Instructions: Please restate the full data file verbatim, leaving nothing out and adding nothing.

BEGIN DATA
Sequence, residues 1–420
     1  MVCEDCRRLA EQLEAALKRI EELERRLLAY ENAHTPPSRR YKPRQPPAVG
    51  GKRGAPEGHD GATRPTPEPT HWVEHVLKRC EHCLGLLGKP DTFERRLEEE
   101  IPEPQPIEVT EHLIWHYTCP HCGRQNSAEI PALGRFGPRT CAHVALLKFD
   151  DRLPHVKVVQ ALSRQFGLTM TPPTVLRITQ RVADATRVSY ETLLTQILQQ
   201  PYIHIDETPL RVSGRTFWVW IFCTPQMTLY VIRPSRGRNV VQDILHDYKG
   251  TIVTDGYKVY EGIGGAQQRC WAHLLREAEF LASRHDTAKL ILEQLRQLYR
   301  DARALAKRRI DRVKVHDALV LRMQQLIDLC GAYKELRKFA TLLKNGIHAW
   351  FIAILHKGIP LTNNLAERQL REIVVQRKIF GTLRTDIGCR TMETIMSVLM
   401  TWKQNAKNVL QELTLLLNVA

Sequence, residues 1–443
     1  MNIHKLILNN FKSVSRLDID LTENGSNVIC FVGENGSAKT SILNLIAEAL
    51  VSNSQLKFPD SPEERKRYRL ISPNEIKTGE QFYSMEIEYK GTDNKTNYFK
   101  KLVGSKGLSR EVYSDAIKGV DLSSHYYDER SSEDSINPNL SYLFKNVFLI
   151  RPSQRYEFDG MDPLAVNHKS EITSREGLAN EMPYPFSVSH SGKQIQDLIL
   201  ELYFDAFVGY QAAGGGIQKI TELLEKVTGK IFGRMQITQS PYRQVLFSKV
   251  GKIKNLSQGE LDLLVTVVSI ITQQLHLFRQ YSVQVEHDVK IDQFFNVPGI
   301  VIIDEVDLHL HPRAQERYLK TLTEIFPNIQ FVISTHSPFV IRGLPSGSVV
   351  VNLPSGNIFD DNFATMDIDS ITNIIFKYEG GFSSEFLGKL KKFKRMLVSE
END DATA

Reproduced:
Sequence, residues 1–420
     1  MVCEDCRRLA EQLEAALKRI EELERRLLAY ENAHTPPSRR YKPRQPPAVG
    51  GKRGAPEGHD GATRPTPEPT HWVEHVLKRC EHCLGLLGKP DTFERRLEEE
   101  IPEPQPIEVT EHLIWHYTCP HCGRQNSAEI PALGRFGPRT CAHVALLKFD
   151  DRLPHVKVVQ ALSRQFGLTM TPPTVLRITQ RVADATRVSY ETLLTQILQQ
   201  PYIHIDETPL RVSGRTFWVW IFCTPQMTLY VIRPSRGRNV VQDILHDYKG
   251  TIVTDGYKVY EGIGGAQQRC WAHLLREAEF LASRHDTAKL ILEQLRQLYR
   301  DARALAKRRI DRVKVHDALV LRMQQLIDLC GAYKELRKFA TLLKNGIHAW
   351  FIAILHKGIP LTNNLAERQL REIVVQRKIF GTLRTDIGCR TMETIMSVLM
   401  TWKQNAKNVL QELTLLLNVA

Sequence, residues 1–443
     1  MNIHKLILNN FKSVSRLDID LTENGSNVIC FVGENGSAKT SILNLIAEAL
    51  VSNSQLKFPD SPEERKRYRL ISPNEIKTGE QFYSMEIEYK GTDNKTNYFK
   101  KLVGSKGLSR EVYSDAIKGV DLSSHYYDER SSEDSINPNL SYLFKNVFLI
   151  RPSQRYEFDG MDPLAVNHKS EITSREGLAN EMPYPFSVSH SGKQIQDLIL
   201  ELYFDAFVGY QAAGGGIQKI TELLEKVTGK IFGRMQITQS PYRQVLFSKV
   251  GKIKNLSQGE LDLLVTVVSI ITQQLHLFRQ YSVQVEHDVK IDQFFNVPGI
   301  VIIDEVDLHL HPRAQERYLK TLTEIFPNIQ FVISTHSPFV IRGLPSGSVV
   351  VNLPSGNIFD DNFATMDIDS ITNIIFKYEG GFSSEFLGKL KKFKRMLVSE